The math was a dark spot for me, besides calculating magnification. Really helpful in understanding the other parameters.

Never thought of the longer focal lengths, but they will definitely be useful when the skies get a bit darker in autumn. Thank you for the DSO targets, I'll have something to start with when I get longer eyepieces and skies get a bit darker. I'm at Latitude 54, so nights are not that dark at the moment.

 



#14 Krumons

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Posted 23 July 2021 - 04:42 AM

Hello and welcome to the forum!

 

I assume the K in the eyepiece means Kellner.  (I don't know what RK means probably some modified Kellner.)  These are OK but can be improved.    A Plossl eyepiece would be slightly sharper and have a wider field.

Plossls have very tight eye relief under 10mm.  Some folks consider them uncomfortable.

 

Astrotech paradigm eyepieces will give you a wider field and more eye relief.  (Maybe not sharper).

A 5mm would be good for your scope or an 8 barlowed.

 

A barlow will give you a perception of fuzziness because you are increasing the magnification by 3x.  A 3x barlow with 

a 4mm eypiece is  just too much magnification for your scope.  A 20 with a 3x (6.3mm) is getting close to the sweet spot

for planetary magnification.   I usually view plants at 1x to 1.3x the diameter of the mirror in millimeters.

 

Most of planetary fuzziness is do to atmospheric seeing.   First view the planets when they are highest over the horizon.   I think this  is occurring about 3AM.   Seeing changes day to day and hour to hour, you have to try often and be patient.

 

 

Next make sure your scope is collimated.  After your adjustment do a star test to make sure it is right.

 

Yes it is hard to focus an f/5 scope at high power.   I have your scope too.  Removing the grease is a good idea.

You can also adjust the tension of the focuser but it is still hard.  Other ideas are replacing one focus wheel with

a larger one (like a plastic jar lid).

 

Some barlows are indeed junk.  If the lens set is a singlet (you have to disassemble the lens to tell) or is plastic.

Then a barlow upgrade would be good.  Get a 2x.   Not 3.

Thank you for the reply!

Replacing the grease made the focuser much easier to adjust. The old grease felt like dried out glue stick.
I also noticed that there's another thumbscrew on the 2'' part which adjust tension on the focuser tube and the cover that holds in pinion wheel is held in loosely by the screws and that also affects the tension. Ended up tightening it just enough that I don't get any play in the focuser, and now it's like day and night compared to the tension I had before.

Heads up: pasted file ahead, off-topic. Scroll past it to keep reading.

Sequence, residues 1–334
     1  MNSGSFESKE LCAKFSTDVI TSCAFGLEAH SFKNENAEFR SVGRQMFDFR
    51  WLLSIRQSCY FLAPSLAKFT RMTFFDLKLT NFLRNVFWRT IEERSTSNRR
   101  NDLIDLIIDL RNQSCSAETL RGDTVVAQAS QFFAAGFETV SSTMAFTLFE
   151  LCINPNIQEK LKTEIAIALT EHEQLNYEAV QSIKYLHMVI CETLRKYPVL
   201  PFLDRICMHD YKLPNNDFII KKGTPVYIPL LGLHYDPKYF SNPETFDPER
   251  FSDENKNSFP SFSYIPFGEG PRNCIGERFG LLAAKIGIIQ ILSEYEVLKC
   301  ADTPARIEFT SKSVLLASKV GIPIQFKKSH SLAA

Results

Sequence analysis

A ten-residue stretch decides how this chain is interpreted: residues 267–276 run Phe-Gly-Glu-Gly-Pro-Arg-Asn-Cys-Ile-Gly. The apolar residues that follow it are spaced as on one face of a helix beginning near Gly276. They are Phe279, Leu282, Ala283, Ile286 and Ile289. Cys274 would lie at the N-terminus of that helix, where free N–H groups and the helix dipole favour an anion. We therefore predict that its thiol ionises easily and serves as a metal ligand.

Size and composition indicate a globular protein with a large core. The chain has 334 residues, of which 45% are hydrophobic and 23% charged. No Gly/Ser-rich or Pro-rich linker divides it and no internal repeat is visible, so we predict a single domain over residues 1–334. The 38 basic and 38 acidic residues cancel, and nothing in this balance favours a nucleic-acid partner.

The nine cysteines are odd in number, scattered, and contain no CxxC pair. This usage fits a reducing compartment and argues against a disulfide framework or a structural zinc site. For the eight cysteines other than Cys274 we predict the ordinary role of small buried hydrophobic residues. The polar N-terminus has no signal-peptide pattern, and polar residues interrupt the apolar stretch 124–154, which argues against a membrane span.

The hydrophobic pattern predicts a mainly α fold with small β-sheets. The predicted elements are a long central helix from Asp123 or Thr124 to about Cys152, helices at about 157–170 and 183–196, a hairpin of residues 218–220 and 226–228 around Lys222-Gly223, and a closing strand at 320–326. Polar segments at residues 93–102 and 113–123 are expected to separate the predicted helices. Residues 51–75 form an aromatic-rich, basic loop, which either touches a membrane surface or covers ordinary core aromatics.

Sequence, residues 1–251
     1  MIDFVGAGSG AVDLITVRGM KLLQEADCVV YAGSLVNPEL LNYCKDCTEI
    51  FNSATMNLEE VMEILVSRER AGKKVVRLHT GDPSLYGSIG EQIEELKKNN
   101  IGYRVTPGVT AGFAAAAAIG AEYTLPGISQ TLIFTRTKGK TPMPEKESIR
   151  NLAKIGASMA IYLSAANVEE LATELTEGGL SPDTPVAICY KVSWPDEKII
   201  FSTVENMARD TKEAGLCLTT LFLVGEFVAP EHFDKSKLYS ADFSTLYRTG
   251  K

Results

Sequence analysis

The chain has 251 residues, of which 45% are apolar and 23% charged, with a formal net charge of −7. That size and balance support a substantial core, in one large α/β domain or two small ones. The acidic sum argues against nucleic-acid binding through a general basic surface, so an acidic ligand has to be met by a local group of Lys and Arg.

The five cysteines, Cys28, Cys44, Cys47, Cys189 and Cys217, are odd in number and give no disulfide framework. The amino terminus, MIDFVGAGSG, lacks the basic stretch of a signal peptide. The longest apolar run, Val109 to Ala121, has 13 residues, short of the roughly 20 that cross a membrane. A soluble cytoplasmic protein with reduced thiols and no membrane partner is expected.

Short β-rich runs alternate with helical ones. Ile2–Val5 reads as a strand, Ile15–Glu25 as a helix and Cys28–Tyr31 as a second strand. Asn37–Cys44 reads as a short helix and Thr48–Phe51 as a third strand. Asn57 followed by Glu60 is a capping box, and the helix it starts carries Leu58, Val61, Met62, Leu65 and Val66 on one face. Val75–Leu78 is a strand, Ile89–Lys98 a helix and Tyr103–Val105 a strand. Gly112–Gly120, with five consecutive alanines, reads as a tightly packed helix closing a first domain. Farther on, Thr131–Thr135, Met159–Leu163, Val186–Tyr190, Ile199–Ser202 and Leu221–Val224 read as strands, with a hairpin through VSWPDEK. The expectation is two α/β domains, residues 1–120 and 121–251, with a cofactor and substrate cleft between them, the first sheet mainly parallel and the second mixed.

#15 Krumons

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Posted 23 July 2021 - 05:58 AM

Your telescope has a 2" focusser.  It appears to be of plastic...

 

https://www.bresser....lar-Filter.html

 

My own 150/750 has a 1.25" focusser, of plastic as well...

 

attachicon.gif6 f5pq.jpg

 

It is easy to miss, not to notice, but the focusser plays a very important part in the collimation process.  It consists of a smaller tube, the draw-tube, inserted into a slightly larger tube, the focusser's housing.  When the draw-tube is racked outward all the way, it should not wobble, move from side to side.  There are fixes for that, if such arises.  In the end, the draw-tube is to rack in and out straight and true, with no binding or slop.

 

Also, when using the Cheshire, you want to clamp it into the eyepiece-holder as you would an eyepiece, in the same position as the eyepiece will be whilst observing.  Do not use shims with a collimator of any type, in the unnecessary attempt to center it.  

Thank you for the input on focuser. This will probably be one of the next upgrades I look forward to.

I will test the collimation out and do a star test to see how I did. When collimating, I did use the Cheshire exactly as an eyepiece, and my focuser was all the way in, though I did not notice any movement in the focuser when collimating. Thank you for all the points you mentioned about collimation - this will increase my accuracy when I do it next time.


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#16 Krumons

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Posted 23 July 2021 - 06:08 AM

Krumons

 

Welcome to Cloudy Nights

 

I would like to second Dave's recommendation. If you are trying to keep the cost down, these are an excellent value.

https://www.astronom...iece_series=478

 

Discussion about Paradigm eyepieces (Would also apply to the Agena Astro Starguider Dual ED)

https://www.cloudyni...s/#entry8229760
https://www.cloudyni...s/?hl=+paradigm

 

 

Understanding Telescope Eyepieces- There are recommendations, based on budget,
but the meat of the article is about understanding the considerations and specifications
to know when selecting eyepieces.
https://telescopicwa...cope-eyepieces/

Understanding and using a Barlow Lens
https://telescopicwa...ens-and-how-to/

 

 

THE ZOOM EYEPIECE INSTEAD OF OR IN ADDITION TO SINGLE FOCAL LENGTH EYEPIECES – The zoom is my favorite eyepiece.

 

TIGHT BUDGET? – Get a zoom and a Barlow     An 8-24 mm zoom eyepiece plus a Barlow somewhere between 2X and 3X will give you almost the full typical range of most scopes for as little as $100. Add one or two low power wide view eyepieces and you have that full range.

 

The zoom is single eyepiece that effectively replaces a range of eyepieces.  Works like the zoom lens on a camera. 

 

The zoom sounds great, but there is a trade-off.  The field of view of the zoom runs from a narrower AFOV at the 24 mm range to a wider FOV at the 8 mm range.  So, like any approach, the zoom is a compromise.  I find that compromise quite acceptable when weighed against the benefits listed below, I prefer the zoom.